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I don't understand the following code:

ruby-1.9.1-p378 > puts "nil is false" unless nil
nil is false
 => nil 
ruby-1.9.1-p378 > puts "nil isn't false" unless nil == false
nil isn't false
 => nil 

In most languages (of a C-base, at least), if(!cond) and if(cond==false) evaluate the same. What's going on here to make that not the case?

(I'd like the details of why, I understand that that is how it is.)

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3 Answers 3

up vote 26 down vote accepted

Ruby considers that false and nil are the only two "falsy" values, while everything else is "truthy". This is by definition and can not be modified (at least in MRI). This definition is used for all builtin operators like if, unless, while, until, cond ? if_truthy : if_falsey, ||, &&, ...

Writing foo == bar will always call the == method on foo with bar as an argument. By default, nil, false, true and all other immediates like symbols, etc..., are only equal to themselves. This could be changed, though:

def nil.==(bar)
  super || bar == false
puts "nil == false" if nil == false  # => "nil == false"

In Ruby 1.9, you can also redefine the operator !, so unless foo is not necessarily the same as if !foo or the contrary of if foo:

def true.!

puts "True?"   if  true # => "True?"
puts "or not?" if !true # => "or not?"

Not that anybody would recommend doing anything like this...

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nil isn't actually false, it's just falsey. Perfect explanation. +1. And yes, please don't override == or ! or whatever if you don't have a very very good reason. – MatrixFrog Jun 21 '10 at 5:58
+1 for a good answer. The same is true in PHP which had to invent the === operator (yes that's three '=') – Mawg Jun 21 '10 at 6:02
Thanks so much for the explanation. – Aaron Yodaiken Jun 21 '10 at 6:06
Is the determination as to whether an object is truethy or falsey hard-coded into the ruby if/unless implementation? – Aaron Yodaiken Jun 21 '10 at 6:08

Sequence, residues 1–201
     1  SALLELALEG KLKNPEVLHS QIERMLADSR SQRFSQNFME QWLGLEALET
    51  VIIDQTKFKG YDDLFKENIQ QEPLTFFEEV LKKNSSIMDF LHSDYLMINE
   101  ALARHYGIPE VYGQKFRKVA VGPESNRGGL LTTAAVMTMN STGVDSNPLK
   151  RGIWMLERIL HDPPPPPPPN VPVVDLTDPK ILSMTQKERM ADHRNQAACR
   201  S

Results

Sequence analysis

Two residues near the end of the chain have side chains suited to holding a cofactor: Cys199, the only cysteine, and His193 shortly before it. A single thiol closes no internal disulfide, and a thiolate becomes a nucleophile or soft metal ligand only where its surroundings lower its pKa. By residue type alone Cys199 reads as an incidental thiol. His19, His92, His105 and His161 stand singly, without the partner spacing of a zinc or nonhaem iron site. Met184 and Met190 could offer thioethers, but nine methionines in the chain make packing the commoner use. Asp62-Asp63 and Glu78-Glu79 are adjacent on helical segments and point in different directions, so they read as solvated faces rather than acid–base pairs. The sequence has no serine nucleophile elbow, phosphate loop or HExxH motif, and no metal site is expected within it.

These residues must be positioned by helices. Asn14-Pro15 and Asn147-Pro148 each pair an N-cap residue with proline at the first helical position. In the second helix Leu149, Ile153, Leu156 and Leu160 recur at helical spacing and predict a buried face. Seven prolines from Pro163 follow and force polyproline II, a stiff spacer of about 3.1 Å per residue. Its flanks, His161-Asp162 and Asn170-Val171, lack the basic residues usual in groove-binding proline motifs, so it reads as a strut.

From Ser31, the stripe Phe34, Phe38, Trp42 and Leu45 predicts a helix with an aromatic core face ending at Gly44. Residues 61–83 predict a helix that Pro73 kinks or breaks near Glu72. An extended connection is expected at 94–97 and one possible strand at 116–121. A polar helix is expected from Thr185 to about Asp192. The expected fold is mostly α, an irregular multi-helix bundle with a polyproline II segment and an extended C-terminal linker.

Yes, it's hard-coded. I made the answer more explicit. – Marc-André Lafortune Jun 21 '10 at 7:02

nil is not equal to false by comparison over == because their semantic content is different (nil is no information, false is a boolean value). However, f you try to evaluate nil in a boolean context, it will be considered False, mostly for convenience' sake and idiomatic compatibility with other languages.

nil == a <=> nil != a <=> false is going to be the case for virtually any value of a except for nil.

So you can only tell that 'nil is not true' and 'nil is nil'. This is as far as ruby goes in its ways.

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In some languages, you can only use booleans in "if" statements. Trying to check whether a string or a number is true or false is just silly and meaningless so the language won't let you do it.

In Ruby, however, everything can be thought of as a boolean, even though it's really not. In fact, everything in Ruby is effectively true, except nil and false (IIRC). That doesn't mean that nil is actually EQUAL to false, just as it doesn't mean that the integer 45 is actually EQUAL to true. They're different, separate, things. But if you're going to treat nil like a boolean (i.e. use it in an if or unless) then it's as though it is false.

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